China’s Police State in Xinjiang

The People’s Republic of China has built the world’s most advanced police state in Xinjiang, the “autonomous region” in northwestern PRC whose indigenous Uighur peoples have long bristled under repressive and discriminatory Communist rule. Cutting-edge surveillance, population control technologies, and large-scale Chinese force deployments have made Xinjiang the most heavily garrisoned part of the country. Five to ten percent of Uighurs have been incarcerated or forced into camps for “re-education.” Meanwhile, the PRC’s efforts to suppress or eliminate Uighur culture and Islamic religious practice have also intensified.

Beijing justifies its police state in Xinjiang by citing security concerns over ethnic “splittism” and foreign Islamist ideology. Despite criticism of Communist Party policy from Chinese themselves, the party has gone to extraordinary lengths to stifle dissent and control what China and the world hears about Xinjiang. What do we know about the situation in Xinjiang, and where is it headed? How are Uighurs responding to this dire situation, and how is it affecting Uighur society? How is the build-up of the police state in Xinjiang impacting Chinese society itself, both as Xi Jinping attempts to consolidate his rule at-home and as the PRC attempts to transform itself into a global power?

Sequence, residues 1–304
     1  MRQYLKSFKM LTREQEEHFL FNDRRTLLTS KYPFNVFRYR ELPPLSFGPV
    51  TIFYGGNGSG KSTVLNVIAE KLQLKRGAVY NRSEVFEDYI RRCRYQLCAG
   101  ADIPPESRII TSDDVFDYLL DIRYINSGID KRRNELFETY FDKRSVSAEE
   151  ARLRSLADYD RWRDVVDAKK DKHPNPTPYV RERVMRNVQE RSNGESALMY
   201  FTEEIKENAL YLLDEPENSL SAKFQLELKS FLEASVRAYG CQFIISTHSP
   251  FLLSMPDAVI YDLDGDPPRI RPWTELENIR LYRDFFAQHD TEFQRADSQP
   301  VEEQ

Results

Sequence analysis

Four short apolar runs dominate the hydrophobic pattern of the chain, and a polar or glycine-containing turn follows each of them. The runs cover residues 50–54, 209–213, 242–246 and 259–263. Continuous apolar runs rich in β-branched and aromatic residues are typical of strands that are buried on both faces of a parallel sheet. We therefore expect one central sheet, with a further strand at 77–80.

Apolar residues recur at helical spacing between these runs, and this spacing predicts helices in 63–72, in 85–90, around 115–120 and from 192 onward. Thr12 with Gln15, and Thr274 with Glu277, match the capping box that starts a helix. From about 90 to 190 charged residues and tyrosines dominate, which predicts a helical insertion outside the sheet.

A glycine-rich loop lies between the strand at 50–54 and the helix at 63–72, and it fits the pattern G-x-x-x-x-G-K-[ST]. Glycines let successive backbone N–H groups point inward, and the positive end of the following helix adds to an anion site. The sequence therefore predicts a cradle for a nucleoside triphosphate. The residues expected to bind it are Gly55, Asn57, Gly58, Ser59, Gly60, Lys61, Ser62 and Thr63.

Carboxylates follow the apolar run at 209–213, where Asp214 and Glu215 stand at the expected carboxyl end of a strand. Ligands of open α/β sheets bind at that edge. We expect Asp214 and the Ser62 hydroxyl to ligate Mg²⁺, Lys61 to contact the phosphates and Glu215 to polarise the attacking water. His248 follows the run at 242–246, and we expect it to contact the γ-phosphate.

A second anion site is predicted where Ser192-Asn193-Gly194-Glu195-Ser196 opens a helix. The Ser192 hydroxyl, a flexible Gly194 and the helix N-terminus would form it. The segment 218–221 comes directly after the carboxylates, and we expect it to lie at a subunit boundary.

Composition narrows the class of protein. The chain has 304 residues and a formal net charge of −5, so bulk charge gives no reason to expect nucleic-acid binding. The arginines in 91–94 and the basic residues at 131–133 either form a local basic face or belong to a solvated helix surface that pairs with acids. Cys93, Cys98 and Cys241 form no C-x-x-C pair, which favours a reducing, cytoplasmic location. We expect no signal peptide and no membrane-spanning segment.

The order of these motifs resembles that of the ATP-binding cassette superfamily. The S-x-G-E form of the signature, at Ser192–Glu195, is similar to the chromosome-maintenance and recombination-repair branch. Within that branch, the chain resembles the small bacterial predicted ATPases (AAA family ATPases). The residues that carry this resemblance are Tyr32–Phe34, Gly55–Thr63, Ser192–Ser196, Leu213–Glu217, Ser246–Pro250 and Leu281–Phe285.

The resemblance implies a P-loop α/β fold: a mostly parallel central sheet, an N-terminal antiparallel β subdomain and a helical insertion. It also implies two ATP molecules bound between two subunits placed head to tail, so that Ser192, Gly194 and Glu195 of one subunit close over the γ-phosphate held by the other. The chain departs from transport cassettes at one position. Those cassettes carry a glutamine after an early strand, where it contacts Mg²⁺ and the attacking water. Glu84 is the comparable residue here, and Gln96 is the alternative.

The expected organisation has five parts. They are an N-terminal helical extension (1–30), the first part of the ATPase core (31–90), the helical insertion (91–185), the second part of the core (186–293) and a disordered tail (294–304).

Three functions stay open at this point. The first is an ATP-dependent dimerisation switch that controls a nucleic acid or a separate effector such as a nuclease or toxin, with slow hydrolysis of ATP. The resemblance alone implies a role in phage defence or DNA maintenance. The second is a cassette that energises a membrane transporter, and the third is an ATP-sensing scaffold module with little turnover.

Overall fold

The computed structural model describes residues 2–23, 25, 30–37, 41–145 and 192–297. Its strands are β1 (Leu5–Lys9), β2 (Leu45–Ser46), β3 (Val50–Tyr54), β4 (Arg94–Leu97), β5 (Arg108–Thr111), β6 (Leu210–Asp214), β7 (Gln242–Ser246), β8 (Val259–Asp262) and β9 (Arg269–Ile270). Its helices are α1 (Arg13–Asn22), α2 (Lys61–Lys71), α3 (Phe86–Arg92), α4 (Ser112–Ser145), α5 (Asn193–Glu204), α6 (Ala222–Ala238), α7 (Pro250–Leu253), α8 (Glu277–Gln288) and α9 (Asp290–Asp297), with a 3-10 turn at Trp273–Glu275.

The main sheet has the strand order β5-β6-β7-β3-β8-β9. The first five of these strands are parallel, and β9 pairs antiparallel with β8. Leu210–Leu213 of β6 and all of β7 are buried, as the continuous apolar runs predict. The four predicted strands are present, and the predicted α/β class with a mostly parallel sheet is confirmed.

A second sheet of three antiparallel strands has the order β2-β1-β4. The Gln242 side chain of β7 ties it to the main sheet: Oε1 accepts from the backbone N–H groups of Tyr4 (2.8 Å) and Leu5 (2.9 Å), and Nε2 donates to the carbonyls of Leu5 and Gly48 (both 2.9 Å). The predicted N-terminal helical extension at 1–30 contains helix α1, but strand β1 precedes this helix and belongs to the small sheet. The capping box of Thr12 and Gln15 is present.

On May 4, Hudson Institute hosted a discussion on the Xinjiang police state. Panelists will include James Millward, a professor of history at Georgetown University; Louisa Greve, the Washington fellow at Christian Solidarity Worldwide; Sarah Cook, a senior research analyst at Freedom House; and Rian Thum, an associate professor of history at Loyola University in New Orleans. The conversation was moderated by Hudson Institute Senior Fellow Eric Brown.